About the research

img_downstairs.jpgIn 2004, researchers Kelli Stajduhar and Robin Cohen received a CIHR NET grant to examine how to best enable family members who wish to provide care at home at the end of life to do so without endangering their own health. Their team developed a toolkit of core patient- and family-oriented outcome measures to support its research activities, including a measure of family caregiver quality of life developed by Cohen and now being translated and used internationally.

The team also received external peer-reviewed funding to complete a number of descriptive studies and, in addition to the research conducted by their NET trainees, they are now moving into developing and testing family caregiver interventions.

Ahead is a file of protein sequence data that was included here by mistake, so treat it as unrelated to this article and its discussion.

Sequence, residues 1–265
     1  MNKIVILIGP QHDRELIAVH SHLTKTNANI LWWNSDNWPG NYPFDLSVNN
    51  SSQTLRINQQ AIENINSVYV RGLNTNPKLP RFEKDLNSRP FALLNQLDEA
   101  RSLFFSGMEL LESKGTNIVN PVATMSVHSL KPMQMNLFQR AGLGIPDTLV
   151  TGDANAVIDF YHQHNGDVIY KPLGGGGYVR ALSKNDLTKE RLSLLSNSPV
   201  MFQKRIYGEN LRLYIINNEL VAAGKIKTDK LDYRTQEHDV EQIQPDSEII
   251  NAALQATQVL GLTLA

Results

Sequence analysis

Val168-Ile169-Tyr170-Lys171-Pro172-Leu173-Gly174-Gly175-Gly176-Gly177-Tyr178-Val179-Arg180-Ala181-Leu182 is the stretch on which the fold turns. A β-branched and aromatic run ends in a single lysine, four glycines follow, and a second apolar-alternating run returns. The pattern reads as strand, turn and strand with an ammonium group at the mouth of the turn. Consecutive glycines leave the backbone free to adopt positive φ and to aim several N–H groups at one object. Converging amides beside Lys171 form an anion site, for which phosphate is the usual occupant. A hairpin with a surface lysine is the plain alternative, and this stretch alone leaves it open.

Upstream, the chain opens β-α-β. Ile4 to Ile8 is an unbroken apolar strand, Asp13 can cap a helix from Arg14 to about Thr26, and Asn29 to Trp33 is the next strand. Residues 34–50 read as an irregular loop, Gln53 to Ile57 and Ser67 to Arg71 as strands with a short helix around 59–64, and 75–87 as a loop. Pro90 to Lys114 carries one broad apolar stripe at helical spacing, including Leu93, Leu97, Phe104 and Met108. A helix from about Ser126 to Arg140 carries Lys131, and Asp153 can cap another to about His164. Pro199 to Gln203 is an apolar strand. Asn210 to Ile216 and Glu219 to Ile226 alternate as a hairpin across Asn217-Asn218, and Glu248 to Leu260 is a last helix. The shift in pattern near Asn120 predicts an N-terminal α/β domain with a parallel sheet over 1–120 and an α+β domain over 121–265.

Their research program has examined a number of themes related to family caregiving, including environment and setting for palliative care, preferences for location of death from both patient and caregiver perspectives, and a wide range of family caregiver issues, including respite preferences, patient denial experiences and the well-being of caregivers for home-based palliative patients.

This work is critical to better understanding caregiver needs and how vitally important caregivers are to our health care system. The research guides us in developing appropriate supports to maintain what is clearly a valuable and crucial aspect of our health system as our population ages.

Our goal is to translate this knowledge to provide other researchers, health professionals, caregivers with the tools and resources they need to develop best practices, manage strained health resources and support family caregivers who are caring for those at the end of life.

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